Protecting Your Organization and Your Employees
by Nick Huffman, PE, Electrical Project Manager
Arc Flash: What is it?
It is estimated that five to ten arc flash incidents occur each day in the United States. An arc flash is an explosion caused by an arc of electrical energy between phase to ground (energized part and grounded part) or phase to phase (energized part to energized part). These potentially fatal explosions occur for a variety of reasons, such as improperly maintained equipment and lack safety precautions.
Are You Protecting Your Organization and Your Employees?
Is your organization protected? What about your employees? Are you compliant with current state and federal laws? Many facilities McGill visits across North Carolina, Tennessee, and Virginia are not complying with Occupation Safety and Health Administration (OSHA) requirements.
Serious Nature of Arc Flashes
An arc flash incident can be fatal to employees who may be nearby. Should they survive, a myriad of potential injuries can affect them. Not only personal injury but large fines can result from being out of compliance with the regulations. Arc flash explosions reach temperatures four times hotter than the sun, causing serious burns and sending ~2,000 victims to burn centers each year. The sound is severe enough to cause hearing loss, and the burning light can result in permanent blindness. In addition, the pressure from the explosion can launch the employee off the ground, and his or her fall can lead to concussions, broken bones, and damaged lungs.
Arc Flash Labeling
The labeling requirements of arc flash hazards first appeared in the National Electric Code (NEC) in 2002. Flash Protection Article (110.16) of this code states that electrical equipment must be field marked as a warning of potential electric arc flash hazards. The marking should be placed in a visible location, easily seen by professionals before examination, adjustment, servicing, or maintenance of the equipment. The labeling of electrical equipment includes such things as switchboards, panelboards, industrial control panels, meter socket enclosures, and motor control centers.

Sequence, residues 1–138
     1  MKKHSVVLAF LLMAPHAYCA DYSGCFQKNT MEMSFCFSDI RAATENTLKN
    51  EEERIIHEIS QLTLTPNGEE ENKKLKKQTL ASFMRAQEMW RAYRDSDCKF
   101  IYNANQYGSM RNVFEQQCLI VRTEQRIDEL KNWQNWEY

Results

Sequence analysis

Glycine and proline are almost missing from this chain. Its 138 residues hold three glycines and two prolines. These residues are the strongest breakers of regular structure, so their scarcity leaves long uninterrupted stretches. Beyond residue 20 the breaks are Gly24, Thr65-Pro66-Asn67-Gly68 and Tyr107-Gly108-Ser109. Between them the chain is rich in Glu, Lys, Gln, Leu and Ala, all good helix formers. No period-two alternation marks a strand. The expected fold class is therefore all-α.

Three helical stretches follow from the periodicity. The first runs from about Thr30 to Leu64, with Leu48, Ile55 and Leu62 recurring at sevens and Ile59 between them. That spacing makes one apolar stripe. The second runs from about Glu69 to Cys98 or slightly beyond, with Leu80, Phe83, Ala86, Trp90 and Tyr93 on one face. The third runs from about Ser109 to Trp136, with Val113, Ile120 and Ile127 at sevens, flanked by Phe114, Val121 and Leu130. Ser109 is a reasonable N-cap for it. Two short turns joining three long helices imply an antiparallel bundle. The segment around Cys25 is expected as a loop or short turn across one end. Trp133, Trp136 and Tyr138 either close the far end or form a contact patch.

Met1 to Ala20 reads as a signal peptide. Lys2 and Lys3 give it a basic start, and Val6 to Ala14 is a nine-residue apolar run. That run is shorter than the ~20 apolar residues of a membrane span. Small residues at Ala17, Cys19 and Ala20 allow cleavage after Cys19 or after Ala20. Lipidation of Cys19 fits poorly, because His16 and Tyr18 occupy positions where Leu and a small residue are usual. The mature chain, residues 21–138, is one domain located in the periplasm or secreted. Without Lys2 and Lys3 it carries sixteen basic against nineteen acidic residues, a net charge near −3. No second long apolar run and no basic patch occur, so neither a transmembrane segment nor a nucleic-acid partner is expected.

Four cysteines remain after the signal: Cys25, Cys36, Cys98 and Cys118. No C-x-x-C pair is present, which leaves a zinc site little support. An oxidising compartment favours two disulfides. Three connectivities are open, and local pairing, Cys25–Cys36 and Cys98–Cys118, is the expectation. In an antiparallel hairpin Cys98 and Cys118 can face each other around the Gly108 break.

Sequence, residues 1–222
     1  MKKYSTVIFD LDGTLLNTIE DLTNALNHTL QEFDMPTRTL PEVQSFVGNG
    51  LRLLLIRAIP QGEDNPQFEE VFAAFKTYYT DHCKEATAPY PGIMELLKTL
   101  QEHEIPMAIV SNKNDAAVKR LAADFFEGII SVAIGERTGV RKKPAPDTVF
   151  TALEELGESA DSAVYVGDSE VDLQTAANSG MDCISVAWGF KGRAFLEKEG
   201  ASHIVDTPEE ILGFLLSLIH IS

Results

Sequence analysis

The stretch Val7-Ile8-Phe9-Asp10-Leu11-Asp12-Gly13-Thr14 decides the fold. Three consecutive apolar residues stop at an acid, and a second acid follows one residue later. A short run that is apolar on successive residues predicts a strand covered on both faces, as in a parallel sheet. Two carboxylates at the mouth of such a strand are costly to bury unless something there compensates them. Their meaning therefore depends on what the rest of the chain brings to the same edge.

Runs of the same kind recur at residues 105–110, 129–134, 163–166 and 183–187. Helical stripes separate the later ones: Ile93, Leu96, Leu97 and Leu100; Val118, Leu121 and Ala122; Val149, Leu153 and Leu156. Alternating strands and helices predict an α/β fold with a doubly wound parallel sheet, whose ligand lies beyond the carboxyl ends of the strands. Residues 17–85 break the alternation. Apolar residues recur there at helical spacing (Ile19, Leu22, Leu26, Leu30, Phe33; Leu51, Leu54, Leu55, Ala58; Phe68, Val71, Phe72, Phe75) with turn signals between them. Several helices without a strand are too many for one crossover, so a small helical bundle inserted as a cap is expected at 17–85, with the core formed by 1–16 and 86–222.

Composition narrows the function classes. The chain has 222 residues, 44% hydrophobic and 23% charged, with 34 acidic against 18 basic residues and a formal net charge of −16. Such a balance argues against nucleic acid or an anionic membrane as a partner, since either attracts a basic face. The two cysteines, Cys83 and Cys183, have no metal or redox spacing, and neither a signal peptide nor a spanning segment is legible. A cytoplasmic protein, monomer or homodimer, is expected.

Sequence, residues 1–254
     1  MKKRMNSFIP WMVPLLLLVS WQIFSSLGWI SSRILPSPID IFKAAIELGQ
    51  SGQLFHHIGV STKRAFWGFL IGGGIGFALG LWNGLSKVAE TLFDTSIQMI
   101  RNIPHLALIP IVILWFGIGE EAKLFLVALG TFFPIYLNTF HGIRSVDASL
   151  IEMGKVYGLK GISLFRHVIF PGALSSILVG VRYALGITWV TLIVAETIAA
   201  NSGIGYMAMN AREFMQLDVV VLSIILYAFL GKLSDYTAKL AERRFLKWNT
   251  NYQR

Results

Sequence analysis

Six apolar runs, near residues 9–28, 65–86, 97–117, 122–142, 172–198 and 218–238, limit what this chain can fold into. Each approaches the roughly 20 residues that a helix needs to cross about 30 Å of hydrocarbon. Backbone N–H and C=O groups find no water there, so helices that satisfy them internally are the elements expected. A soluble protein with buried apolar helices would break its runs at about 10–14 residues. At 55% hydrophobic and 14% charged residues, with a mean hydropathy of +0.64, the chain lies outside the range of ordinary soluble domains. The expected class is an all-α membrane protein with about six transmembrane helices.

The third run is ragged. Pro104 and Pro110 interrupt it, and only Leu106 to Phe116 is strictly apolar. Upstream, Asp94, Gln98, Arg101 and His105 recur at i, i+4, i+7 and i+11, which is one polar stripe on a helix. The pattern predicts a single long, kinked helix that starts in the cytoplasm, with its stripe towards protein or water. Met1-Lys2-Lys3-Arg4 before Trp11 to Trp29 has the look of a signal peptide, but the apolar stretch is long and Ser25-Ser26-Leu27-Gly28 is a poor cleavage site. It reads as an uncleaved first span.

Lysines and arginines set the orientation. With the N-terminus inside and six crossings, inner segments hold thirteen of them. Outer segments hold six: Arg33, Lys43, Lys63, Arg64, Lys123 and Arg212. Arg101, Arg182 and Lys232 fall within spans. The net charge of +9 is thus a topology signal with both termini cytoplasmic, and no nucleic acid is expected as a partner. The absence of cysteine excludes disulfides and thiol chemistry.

Who Needs Arc Flash Labels?
Water and wastewater facilities use much of this equipment to power and control the production process. OSHA considers NEC’s Flash Protection Article to be an industry practice and in most jurisdictions a code requirement. OSHA citations have been increasing, and an audit after an arc flash incident or “near miss” can cost the municipality or utility in fines, loss production, and litigation. Multiple sources report that the average cost of a single incident is estimated at 15 million dollars.
Arc Flash Requirements Not only does OSHA require facilities to guard against hazardous electrical conditions for employees but also requires it for contractors. Hiring contractors does not release facility owners from liability should an incident occur. The National Fire Protection Association (NFPA) requires the facility owner to provide electrical contractors with “information about the employer’s installation that the contract employer needs to make the assessments required,” [NFPA 70E Article 110.3(A)(2)].
The McGill Team Can Help
Our team at McGill strives to educate the towns and cities we serve, and we are available to help you and your facilities comply with OSHA requirements by performing an arc flash study. This study provides calculations for the degree of arc flash hazard, which will then determine the level of Personal Protective Equipment (PPE) needed to be worn by personnel working on the live equipment. The study also involves a short circuit analysis along with a protective device coordination study. Both studies help determine if the equipment is over-dutied or miscoordinated, which could lead to higher incident energy at the equipment being serviced. Once the arc flash study is completed, we can provide information on proper employee safety such as proper training, proper access to PPE, and proper maintenance of electrical gear.
Our goal is to assist you in providing a safe work environment for your employees. For questions concerning how your facility could benefit from an arc flash study, please contact Nick Huffman, PE, Electrical Project Manager, at 828.328.2024 or firstname.lastname@example.org.